And today a new assault as Virginia road crews have applied trails of salty compounds on our roads, whether we get the snow or not. 

But how should we mitigate rainwater runoff. One outlet mall on Richmond route installed a porous or permeable surface that reminds me of Rice Crispies treats on much of their parking lot years ago. I thought that James City County had required it. But, obviously that requirement did NOT apply to the huge Settlers Market and nearby Courthouse Commons parking lots years later. And that is a lot of rainwater that is now draining into our creeks, and ultimately into the James River on its way to the bay. All Virginia local governments are under the gun to develop more stringent storm water regulations. So I do not understand why impermeable parking lots still appear.

Every year another 38,000 acres of land throughout the 64,000 square mile Chesapeake watershed get developed. 10,000 acres of that are hard surfaces. And more no swimming warnings are issued by the Virginia Department of Health. 

It still looks like a one-way road to me. No serious efforts to hold back that runoff will occur until the naysayers stop using terms like "toilet tax" and "rain tax."

January 16, 2014

Joshua Tree endangered?

I usually stick to Virginia issues but a recent visit to Joshua Tree National Park sparked my interest in endangered trees. Most folks don't know that the trees that remind you of Dr. Seuss in California's Mojave Desert are threatened by more than brush fires. It seems that the increased amount of nitrogen from cars and general Los Angeles pollution drops onto the desert floor and adds more fertilizer than the plants need. Nitrogen also supports the growth of grasses that never grew in this area. Lightning strikes used to zap one Joshua Tree. Now the fire spreads to nearby grasses and voila, you have a large brushfire.

Joshua Trees also need a cold snap in order to flower. Warmer winters mean less flowering, even with the help of a unique yucca moth. And these magnificent trees need a hundred years to mature, growing VERY slowly.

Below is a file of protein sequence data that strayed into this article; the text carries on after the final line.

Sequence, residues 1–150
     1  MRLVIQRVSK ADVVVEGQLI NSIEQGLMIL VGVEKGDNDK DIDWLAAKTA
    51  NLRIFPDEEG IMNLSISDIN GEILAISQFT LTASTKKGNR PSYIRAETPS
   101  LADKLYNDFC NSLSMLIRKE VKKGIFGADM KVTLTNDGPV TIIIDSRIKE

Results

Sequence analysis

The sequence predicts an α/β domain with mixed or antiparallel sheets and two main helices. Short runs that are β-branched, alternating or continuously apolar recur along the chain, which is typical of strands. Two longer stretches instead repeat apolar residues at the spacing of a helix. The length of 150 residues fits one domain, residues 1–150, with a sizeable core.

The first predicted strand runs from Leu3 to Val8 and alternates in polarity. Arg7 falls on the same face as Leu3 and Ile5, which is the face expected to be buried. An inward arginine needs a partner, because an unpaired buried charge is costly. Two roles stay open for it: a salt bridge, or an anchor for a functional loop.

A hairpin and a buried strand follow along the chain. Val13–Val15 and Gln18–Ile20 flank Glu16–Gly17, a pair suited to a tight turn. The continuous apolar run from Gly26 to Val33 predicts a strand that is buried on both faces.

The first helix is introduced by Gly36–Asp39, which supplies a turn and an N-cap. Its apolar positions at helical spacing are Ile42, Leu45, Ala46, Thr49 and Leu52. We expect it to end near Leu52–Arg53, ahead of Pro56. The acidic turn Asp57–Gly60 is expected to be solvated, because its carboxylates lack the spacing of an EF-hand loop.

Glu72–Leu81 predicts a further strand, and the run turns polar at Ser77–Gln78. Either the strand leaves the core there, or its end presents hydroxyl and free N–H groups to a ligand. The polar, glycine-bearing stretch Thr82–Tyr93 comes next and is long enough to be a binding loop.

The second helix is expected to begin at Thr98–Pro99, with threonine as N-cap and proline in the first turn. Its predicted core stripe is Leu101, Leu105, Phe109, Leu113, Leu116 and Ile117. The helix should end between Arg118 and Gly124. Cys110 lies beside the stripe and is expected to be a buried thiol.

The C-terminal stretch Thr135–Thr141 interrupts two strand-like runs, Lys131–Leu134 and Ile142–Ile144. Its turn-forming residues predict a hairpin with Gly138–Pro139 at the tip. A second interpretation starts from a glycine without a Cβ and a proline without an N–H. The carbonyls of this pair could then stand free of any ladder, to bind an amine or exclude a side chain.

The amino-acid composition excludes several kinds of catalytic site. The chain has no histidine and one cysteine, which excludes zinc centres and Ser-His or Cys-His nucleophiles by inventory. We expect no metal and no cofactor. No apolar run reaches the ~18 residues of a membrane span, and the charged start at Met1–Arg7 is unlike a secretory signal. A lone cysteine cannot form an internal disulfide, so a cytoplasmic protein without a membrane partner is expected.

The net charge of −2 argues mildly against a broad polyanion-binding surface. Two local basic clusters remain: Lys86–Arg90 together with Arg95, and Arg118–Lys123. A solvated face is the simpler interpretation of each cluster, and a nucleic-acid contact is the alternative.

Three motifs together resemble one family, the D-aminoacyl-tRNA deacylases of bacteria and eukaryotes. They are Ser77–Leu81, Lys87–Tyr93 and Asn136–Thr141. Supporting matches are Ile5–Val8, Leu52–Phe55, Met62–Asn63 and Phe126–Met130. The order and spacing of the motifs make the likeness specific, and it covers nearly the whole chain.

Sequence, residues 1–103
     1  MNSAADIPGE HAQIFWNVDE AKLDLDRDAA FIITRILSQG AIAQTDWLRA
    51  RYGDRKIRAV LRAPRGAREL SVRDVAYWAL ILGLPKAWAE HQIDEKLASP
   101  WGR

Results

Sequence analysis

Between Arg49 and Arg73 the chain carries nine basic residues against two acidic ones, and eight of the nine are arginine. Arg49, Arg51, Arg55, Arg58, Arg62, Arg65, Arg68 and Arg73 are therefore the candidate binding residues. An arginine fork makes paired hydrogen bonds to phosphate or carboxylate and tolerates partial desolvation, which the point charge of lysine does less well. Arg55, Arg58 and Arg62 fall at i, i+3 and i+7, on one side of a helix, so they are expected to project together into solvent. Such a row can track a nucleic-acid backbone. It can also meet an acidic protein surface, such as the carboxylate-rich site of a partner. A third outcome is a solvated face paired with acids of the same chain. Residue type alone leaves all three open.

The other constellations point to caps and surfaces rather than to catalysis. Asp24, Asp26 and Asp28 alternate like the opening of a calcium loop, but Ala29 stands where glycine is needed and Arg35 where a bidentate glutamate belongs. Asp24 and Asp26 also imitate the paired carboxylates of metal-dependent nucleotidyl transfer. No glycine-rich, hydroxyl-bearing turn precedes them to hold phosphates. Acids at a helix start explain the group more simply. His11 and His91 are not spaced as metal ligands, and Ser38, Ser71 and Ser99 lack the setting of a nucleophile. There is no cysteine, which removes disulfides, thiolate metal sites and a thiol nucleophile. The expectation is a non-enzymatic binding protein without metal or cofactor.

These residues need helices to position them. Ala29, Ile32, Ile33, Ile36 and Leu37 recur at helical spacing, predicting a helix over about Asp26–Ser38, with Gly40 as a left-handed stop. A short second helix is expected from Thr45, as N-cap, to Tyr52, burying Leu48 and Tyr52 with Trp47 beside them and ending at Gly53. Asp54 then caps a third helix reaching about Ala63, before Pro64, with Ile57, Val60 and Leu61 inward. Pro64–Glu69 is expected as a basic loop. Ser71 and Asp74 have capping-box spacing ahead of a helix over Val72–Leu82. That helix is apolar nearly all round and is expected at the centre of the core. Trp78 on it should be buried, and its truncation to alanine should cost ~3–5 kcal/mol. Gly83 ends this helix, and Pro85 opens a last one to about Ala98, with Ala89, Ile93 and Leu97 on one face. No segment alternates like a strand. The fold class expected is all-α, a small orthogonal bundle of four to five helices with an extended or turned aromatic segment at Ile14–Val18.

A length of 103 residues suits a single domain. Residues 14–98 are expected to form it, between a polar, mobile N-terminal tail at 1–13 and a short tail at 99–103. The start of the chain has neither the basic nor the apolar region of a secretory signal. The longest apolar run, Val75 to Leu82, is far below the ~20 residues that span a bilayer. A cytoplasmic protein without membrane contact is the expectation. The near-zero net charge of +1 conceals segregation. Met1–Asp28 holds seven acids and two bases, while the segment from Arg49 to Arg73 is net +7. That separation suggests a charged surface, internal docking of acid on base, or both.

Our local loblolly pines are succumbing to something in addition to hurricanes. And local oaks are dying more often too. Even orange trees in Florida have a bacteria that is killing them quickly. Too bad that the trees cannot talk and that Dr. Seuss's Lorax must speak for the trees.

January 4, 2014

E-cycle your old electronics for free

If Santa brought you some new electronic "toys," and you don't want to wait for the next country household hazardous waste recycling day, you need not despair. So think before tossing!

Your local Staples store will accept up to ten of these items daily and recycle them responsibly:
  • Desktop and all-in-one computers
  • Laptops, tablets, eReaders
  • Monitors
  • Desktop printers, copiers, scanners, faxes, multifunction devices
  • Shredders
  • UPS/battery backup devices (with or without included battery)
  • Computer peripherals including mice, keyboards, modems, routers and computer speakers
  • Small electronics including mobile phones, MP3 players/iPods, calculators, GPS devices, digital cameras, camcorders and cordless phones
  • Digital projectors, CD/DVD/Blu-ray players, gaming devices, A/V receivers, video streaming devices
  • External hard drives and small servers
  • Rechargeable batteries (if 11 pounds or less)